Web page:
History Questions Answered
With over 100 years in operation, there is plenty of history involved in the West Virginia Penitentiary. Whether you are curious about the history or working on a paper for school, we receive some commonly asked questions and we want to give you the answers.
Where did the hangings and electrocutions take place?
The executions by hanging were held in the Northern area of the facility. The first execution took place in 1899 when the state assumed the responsibility of capital punishment from the counties. Hangings continued until 1949, with a total of 85 men executed by this means. From 1951 to 1959 nine men were electrocuted in the chair known as “Old Sparky”. The State of West Virginia abolished capital punishment in 1965.
Is the prison really haunted?
Many, many people have discovered paranormal activity at the West Virginia Penitentiary. We believe this is a result of the multitude of unfortunate deaths that occurred on this site and the inmate mentality of kill or be killed. The heinous activity was also responsible for putting the prison on the Department of Justice’s Top Ten list of most violent correctional facilities in the nation.
How did people escape?
Inmates devised many ways to escape incarceration, such as, climbing over the walls, exiting through the North Wagon Gate in vehicles, digging tunnels under the walls, or by overpowering security and escaping out the front door. Most of the escapees were apprehended within a few days. Inmates had a lot of idle time to plan their escapes, many were homesick and wanted to return to their families and friends.
What movies were filmed here?
The two major movies that were produced at the prison were The Night of the Hunter in 1955 and Fools Parade in 1971. Most recently parts of Out of the Furnace with Christian Bale, Casey Affleck, Zoe Saldana and Woody Harrelson was filmed at the Penitentiary. Once you see the film, you will know which parts were filmed here!
Many other television shows and documentaries were filmed here: Scooby Doo from California; Turner South, Blue Ribbon Services, Best Places to Visit; CNN; Allegheny Ghost Hunters; Anderson Group 360º News Show; Proof Positive from California; Office Kei, Film Production for Japan; Globe Trekker, Southeast USA; Local Secrets – Big Finds; Ghost Adventures; Paranormal Investigations. We have also received the Travelocity Award (from 30,000 entries) the West Virginia Penitentiary was selected as a Top Inside Spot to visit in the United States.
What year did it open and close?
West Virginia became a state June 20, 1863. The prison construction began in 1866, with inmates providing much of the labor. The prison was closed by court order on March 27, 1995 after it was determined by the court that the small 5×7 cells were too small and the living conditions were inhumane. The facility was replaced by the Mt. Olive Correctional Complex in Fayette County at a cost of $85 million dollars.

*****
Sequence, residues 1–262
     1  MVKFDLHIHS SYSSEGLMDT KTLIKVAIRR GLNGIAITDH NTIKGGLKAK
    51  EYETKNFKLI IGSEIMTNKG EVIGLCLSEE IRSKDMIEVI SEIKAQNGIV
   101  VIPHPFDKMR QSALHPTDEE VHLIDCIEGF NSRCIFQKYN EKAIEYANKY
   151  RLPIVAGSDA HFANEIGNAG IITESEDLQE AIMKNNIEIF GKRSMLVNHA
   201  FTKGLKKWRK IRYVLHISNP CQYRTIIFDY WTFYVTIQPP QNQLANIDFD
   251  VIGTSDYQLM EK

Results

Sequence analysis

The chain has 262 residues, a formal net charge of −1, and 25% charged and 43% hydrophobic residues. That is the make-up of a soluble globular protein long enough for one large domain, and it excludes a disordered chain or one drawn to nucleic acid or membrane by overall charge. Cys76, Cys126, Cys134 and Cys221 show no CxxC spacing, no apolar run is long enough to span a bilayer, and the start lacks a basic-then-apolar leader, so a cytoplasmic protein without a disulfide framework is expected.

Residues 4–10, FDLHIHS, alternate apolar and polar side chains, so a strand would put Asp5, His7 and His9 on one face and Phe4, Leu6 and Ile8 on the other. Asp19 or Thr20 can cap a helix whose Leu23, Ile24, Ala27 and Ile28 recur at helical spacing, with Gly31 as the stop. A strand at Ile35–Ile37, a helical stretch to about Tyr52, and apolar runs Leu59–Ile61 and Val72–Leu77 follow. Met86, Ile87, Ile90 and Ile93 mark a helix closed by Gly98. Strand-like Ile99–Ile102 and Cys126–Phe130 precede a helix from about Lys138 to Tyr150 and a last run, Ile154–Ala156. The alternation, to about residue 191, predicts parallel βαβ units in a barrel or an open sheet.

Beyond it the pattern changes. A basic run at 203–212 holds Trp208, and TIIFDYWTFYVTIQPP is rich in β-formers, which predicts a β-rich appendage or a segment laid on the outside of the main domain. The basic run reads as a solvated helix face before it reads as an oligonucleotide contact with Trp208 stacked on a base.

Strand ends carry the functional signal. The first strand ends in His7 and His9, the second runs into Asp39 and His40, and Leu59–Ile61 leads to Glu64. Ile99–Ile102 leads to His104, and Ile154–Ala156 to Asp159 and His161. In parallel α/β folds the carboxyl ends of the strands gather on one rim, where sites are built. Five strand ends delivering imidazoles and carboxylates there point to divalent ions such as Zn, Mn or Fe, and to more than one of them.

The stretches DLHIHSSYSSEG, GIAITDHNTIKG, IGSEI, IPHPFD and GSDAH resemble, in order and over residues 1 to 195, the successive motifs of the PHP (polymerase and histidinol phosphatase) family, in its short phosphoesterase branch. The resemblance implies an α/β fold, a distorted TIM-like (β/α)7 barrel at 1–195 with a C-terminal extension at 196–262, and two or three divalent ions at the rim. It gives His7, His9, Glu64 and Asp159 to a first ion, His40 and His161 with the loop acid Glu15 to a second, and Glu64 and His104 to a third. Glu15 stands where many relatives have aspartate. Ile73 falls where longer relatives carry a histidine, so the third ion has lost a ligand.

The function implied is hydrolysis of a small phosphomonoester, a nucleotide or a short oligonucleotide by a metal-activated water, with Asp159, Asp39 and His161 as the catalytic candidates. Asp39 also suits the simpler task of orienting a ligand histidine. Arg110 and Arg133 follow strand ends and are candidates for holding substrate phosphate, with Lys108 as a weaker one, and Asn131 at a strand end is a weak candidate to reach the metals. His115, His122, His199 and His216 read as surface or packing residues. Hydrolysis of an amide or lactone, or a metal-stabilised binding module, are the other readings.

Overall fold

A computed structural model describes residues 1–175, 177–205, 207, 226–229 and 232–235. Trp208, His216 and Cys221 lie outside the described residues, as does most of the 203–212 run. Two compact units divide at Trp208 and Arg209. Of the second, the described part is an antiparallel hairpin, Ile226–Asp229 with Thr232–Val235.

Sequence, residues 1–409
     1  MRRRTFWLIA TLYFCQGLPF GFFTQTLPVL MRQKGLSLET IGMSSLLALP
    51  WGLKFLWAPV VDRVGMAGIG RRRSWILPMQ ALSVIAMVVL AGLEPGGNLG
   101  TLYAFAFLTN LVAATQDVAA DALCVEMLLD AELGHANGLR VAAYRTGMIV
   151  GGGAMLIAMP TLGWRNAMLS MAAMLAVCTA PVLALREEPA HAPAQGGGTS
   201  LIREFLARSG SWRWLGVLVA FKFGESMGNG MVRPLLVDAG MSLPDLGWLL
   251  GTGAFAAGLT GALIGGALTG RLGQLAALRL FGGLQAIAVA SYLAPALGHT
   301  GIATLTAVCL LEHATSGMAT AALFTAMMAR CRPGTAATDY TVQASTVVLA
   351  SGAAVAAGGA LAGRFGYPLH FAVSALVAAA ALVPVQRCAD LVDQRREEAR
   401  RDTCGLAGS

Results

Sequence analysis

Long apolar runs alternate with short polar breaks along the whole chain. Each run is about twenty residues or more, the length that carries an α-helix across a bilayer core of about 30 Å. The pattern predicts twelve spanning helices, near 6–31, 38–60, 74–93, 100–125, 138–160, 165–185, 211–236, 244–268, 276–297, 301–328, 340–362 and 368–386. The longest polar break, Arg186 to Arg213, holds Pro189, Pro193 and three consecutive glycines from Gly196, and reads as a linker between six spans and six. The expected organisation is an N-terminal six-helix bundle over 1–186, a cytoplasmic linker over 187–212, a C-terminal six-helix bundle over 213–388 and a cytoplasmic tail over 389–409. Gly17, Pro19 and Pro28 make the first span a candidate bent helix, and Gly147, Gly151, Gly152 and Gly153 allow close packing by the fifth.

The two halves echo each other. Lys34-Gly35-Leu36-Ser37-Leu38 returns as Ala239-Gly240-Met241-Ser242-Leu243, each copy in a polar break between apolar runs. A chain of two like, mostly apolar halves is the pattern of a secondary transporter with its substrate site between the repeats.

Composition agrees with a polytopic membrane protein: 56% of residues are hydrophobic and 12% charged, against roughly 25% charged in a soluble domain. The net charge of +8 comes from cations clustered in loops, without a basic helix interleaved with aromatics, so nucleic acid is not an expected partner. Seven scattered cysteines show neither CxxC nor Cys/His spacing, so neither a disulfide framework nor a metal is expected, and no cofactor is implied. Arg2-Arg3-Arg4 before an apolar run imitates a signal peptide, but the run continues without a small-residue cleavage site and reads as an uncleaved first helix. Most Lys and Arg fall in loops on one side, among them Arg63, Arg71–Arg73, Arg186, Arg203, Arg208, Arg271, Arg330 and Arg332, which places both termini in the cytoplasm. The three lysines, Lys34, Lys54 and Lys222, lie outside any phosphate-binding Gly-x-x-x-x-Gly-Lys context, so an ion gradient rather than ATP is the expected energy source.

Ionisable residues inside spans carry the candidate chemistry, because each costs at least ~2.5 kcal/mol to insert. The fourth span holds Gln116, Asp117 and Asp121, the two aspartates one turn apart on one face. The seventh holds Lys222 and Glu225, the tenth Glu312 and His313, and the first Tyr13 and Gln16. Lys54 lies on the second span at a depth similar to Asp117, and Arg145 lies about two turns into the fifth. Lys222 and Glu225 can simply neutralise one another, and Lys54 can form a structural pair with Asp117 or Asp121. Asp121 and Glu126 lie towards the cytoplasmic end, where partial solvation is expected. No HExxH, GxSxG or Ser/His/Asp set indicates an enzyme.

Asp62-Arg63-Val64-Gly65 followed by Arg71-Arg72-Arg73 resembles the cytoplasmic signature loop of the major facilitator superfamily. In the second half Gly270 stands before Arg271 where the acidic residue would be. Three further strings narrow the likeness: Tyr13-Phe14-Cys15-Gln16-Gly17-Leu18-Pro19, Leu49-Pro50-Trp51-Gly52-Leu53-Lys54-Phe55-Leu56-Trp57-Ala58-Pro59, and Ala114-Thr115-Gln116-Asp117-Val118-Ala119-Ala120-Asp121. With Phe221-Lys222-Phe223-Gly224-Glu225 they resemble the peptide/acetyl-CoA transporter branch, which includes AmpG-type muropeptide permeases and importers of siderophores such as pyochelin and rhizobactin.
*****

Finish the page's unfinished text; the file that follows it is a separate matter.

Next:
What will we see on the tour?
We will be walking through the major living and working areas of the prison, including the North Hall lockup areas, both the North and South yards, plus “New Wall”. We will also be seeing the electric chair, and numerous paintings and works of art produced by the inmates. The tour takes approximately 90 minutes and we encourage you to ask any questions.
Where do I get more information on past inmates?
Upon the closing of the prison, inmate records were transferred to the Mt. Olive Correctional Complex. Information can be obtained by calling: 304-442-7213.
Who owns the building and where do the profits go?
By statute, State of West Virginia is responsible for the facility. However, in 1998 the Moundsville Economic Development Council obtained a twenty-five year lease for the property. This non-profit organization utilizes funds from the many activities that take at the facility to maintain and work towards the refurbishment of the structure.
How do I get to White Gate Cemetery?
To access the cemetery, you must travel about five miles outside of Moundsville on Fourth St., turning left onto Toms Run Road and proceeding one mile where the cemetery will be located on the right. The graves are designated with license plate type marker. Deceased inmates who were not claimed by family members were buried at this cemetery.
What is that across the street?
The 2000 year-old Adena Indian burial ground, known as the Grave Creek Mound and is the largest in the world. Adjacent to the mound is the Delf Norona Museum built in 1978 and housing all state artifacts.
How many inmates were housed here?
Records indicate the prison population rose to more than 1000 several times in the 1960’s. When the prison closed in March of 1995 there were 675 inmates incarcerated within the walls.
What type of food did they eat?
Inmates preferred to have basic country meals – meat, potatoes and beans with biscuits and bacon whenever possible.
Did those people really live across the street?
Yes, homes were built across the street about the same time the prison was being constructed and some families have lived there for many, many years.